We sure do ask a lot of our residents, don’t we?
- Don’t pay your rent late.
- Don’t destroy your apartment home.
- Don’t disturb your neighbors with loud noises.
- Don’t turn a blind eye to suspicious activity around the community.
- Don’t walk your dog without a leash.
- Don’t let your children run around unsupervised.
- Don’t forget to report maintenance issues immediately.
- Don’t grill on the balcony.
The list goes on and on. Before a resident can take occupancy of an apartment home, they must first agree to the terms of the lease. Contained within its pages, the lease stipulates all sorts of rules, guidelines and demands. What if residents asked us to sign an agreement? Something that details their “list of demands”? As varied as these wants/needs could be, they ultimately relate back to two areas: communication and maintenance.
Don’t believe me? Check out your community’s ratings and reviews – even some of the less obvious themes link back to communication and/or maintenance. Here are two examples:
RENT IS TOO HIGH – Complaints about rent are common on review sites. When residents are dissatisfied about rent, fees, etc. they are so because they can’t see the “value”. What exactly are they getting for the price they have been asked to pay? If a resident has to wait days for maintenance issues to be resolved, or for their phone call to be returned and are then expected to renew at a higher rate, to them, it’s just not worth it. Streamlined communication and efficient maintenance equal value in the eyes of the resident.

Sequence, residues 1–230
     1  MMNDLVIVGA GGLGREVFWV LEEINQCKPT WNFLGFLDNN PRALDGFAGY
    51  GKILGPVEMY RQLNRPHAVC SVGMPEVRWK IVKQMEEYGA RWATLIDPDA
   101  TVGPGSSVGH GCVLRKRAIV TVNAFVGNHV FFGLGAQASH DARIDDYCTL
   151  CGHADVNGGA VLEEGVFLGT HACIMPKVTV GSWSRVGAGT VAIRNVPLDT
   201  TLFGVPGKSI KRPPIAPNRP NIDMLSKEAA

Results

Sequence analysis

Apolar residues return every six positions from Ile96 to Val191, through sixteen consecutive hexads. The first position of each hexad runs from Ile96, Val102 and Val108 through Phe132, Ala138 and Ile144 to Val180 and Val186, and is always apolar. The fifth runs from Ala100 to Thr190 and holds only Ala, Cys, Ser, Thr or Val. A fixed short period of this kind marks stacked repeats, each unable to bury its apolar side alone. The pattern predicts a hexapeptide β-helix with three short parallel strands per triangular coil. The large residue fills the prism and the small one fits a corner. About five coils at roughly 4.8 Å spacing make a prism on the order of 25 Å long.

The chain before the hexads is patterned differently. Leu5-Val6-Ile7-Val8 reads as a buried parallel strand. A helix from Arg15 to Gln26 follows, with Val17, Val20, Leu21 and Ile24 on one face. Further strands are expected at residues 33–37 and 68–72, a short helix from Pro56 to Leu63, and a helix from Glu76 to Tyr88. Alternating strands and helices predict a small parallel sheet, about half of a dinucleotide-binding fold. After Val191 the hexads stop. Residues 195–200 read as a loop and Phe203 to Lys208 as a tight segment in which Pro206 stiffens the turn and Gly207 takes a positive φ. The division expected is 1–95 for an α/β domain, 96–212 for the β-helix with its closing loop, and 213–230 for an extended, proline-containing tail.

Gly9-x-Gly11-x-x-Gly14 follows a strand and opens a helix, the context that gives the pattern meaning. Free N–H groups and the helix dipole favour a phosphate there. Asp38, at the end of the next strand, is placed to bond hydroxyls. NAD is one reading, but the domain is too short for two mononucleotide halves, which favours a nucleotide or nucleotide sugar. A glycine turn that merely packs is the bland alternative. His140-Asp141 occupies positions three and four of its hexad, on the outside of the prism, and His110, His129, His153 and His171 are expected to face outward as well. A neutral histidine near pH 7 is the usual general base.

SAFETY – This is another topic often seen in reviews. While no management team could nor should guarantee a resident’s safety, there are ways to safeguard the wellbeing of the community itself. Maintaining access gates, fences, lighting, etc. are simple things the service team can do. As for the office, staying on top of unauthorized occupants, promptly resolving noise complaints, towing inoperable cars (and those without proper tags) and removing restricted animals can go a long way to helping residents feel “safe” at the community. Once again, another example of communication and maintenance working effectively.
We ask a lot of our residents… they ask very little of us. When presented with a 20-page lease, our residents initial and sign every page; all the while hoping we are agreeing to their unspoken list of demands.